While Colombia and the FNC’s Research & Development Center, Cenicafé, were ready for the crisis in terms of providing new varieties, one aspect is to have the seeds and yet another very different is to have growers adopt it and overcome industry skepticism. It is thanks to the FNC institutional framework that we were able to renovate nearly 3.2 billion trees since 2009, making two thirds of the country´s plantations rust resistant. Over the last five years, more than 420,000 coffee growers renewed their plantations, investing over $1.5 billion. Thanks to the ambitious renewal of coffee plantations and production reconversion developed by the FNC, Colombia made an impressive leap in production and farm modernization. Average productivity has reached 15.2 60-kilo bags of green coffee per hectare, the third highest of the past 14 years.

Purchase Guarantee
One of the biggest problems small plantation owners have is the ability to sell their crop at transparent market prices that reflect the international value of their crop. In addition, they need to sell their harvest as it matures, with the liquidity of a cash payment. Colombia´s system to ensure that coffee growers receive the highest possible proportion of international prices for their beans is possible thanks to the Purchase Guarantee Policy (PGP).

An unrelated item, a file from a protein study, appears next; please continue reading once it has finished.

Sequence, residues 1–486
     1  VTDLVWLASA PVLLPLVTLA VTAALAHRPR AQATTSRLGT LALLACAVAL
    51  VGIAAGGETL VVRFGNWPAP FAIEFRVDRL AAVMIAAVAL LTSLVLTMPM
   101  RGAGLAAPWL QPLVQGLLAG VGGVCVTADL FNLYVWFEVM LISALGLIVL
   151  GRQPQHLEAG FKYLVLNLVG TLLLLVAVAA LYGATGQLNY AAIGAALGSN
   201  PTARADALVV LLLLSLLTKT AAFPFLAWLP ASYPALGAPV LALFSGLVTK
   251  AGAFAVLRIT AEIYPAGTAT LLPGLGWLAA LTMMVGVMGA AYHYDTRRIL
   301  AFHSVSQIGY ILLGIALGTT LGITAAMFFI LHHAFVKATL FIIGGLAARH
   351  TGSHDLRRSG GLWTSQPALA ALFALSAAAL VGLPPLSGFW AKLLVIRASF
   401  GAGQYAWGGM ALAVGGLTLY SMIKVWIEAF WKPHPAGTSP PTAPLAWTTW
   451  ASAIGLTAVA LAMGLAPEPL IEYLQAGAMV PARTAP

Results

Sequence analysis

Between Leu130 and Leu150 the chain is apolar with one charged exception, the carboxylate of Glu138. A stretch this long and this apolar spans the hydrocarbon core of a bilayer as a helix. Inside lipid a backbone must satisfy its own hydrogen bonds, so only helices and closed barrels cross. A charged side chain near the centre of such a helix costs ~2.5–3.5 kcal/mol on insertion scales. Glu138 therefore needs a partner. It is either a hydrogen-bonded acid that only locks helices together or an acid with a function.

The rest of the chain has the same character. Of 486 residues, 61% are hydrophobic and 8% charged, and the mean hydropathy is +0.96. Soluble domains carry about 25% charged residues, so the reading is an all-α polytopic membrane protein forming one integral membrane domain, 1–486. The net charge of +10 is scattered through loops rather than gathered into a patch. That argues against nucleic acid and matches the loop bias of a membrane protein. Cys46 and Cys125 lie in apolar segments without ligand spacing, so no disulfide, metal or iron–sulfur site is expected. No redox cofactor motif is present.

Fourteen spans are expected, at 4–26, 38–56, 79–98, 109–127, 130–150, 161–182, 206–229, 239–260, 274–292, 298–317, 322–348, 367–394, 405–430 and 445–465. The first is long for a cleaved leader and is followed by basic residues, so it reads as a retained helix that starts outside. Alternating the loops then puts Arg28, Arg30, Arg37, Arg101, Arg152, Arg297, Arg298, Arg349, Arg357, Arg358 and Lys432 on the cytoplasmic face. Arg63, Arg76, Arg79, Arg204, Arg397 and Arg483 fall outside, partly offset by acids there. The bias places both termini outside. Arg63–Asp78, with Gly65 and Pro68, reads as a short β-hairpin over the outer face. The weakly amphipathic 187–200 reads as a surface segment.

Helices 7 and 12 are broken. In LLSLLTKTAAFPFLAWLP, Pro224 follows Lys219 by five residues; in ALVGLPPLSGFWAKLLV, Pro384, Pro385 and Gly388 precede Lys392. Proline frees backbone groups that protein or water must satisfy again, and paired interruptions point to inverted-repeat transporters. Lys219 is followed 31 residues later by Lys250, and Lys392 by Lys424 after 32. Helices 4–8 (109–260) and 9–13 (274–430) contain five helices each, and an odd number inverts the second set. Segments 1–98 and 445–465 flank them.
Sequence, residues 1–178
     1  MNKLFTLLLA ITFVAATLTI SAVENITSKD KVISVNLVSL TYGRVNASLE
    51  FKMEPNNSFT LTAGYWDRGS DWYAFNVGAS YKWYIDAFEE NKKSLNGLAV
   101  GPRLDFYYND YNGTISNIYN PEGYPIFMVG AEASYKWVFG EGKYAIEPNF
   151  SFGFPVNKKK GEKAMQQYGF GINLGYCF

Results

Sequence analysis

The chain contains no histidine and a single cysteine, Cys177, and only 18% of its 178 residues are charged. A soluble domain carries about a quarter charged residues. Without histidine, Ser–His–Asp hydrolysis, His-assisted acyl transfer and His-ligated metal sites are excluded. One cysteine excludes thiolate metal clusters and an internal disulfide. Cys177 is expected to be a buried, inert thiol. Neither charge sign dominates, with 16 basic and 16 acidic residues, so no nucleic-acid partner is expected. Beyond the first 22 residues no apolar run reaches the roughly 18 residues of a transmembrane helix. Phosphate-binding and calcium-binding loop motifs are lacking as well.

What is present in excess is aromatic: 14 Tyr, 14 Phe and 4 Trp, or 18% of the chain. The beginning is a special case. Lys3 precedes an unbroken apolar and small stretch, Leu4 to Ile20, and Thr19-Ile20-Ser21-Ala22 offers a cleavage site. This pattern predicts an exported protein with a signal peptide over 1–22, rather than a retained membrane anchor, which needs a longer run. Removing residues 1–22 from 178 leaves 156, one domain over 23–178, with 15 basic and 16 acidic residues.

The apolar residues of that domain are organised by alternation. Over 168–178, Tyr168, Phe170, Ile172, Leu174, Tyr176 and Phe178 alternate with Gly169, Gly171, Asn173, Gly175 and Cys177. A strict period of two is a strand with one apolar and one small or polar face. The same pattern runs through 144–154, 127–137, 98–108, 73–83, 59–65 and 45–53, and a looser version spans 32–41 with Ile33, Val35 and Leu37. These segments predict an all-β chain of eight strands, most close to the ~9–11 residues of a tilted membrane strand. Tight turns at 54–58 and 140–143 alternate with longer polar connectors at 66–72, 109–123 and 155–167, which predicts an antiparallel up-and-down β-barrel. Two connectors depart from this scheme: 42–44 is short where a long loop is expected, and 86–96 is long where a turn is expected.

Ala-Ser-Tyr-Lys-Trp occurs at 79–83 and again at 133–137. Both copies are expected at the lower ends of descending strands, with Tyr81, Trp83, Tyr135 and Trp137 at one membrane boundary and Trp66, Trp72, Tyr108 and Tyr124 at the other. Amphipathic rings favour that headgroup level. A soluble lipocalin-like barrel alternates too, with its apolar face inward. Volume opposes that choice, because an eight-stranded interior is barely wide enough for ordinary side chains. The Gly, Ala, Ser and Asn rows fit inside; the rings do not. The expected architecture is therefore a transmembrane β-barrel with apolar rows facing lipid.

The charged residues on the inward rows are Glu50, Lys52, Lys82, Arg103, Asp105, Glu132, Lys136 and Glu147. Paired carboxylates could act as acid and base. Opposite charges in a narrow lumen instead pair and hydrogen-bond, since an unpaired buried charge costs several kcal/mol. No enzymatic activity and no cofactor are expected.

The main focus of this program is to provide the conditions for producers to sell small quantities of coffee at transparent market prices 365 days a year at more than 500 purchasing points across the country, in cash, close to their farms. This provides market access to small producers, which allows them to capture a higher value in spite of transaction volume, which is often very limited. Since we are dealing with small plantations that are harvested throughout the year, the average transaction volume when a grower goes to market is of less than 60 kilos of green coffee. If it were not for this system, the market would cease to operate, to the detriment of coffee growers, whose negotiating power is very reduced in their local communities.
Of course, there are a number of additional challenges that need scaled up solutions and that can only be overcome with a strong associativity and institutional models. The ability to develop Geographical Indications, minimum quality requirements that enhance the origins’ equity and positioning, or wide scale sustainability efforts are just a few of them. The lesson is clear: united we can do more. All too often, consumers view coffee as a simple commodity that they take for granted; many traders want to see it as an interchangeable good that is just to be traded. Colombian growers, however, take a different view. It is their pride and the result of individual and collaborative efforts. When you have a chance, please stop and smell the beans and become aware of the challenges that hundreds of thousands of coffee growers currently face and their ability to overcome them.

1 If interested on how this was accomplished please watch FNC’s lessons on sustainability. Oxford, CABI, 2013.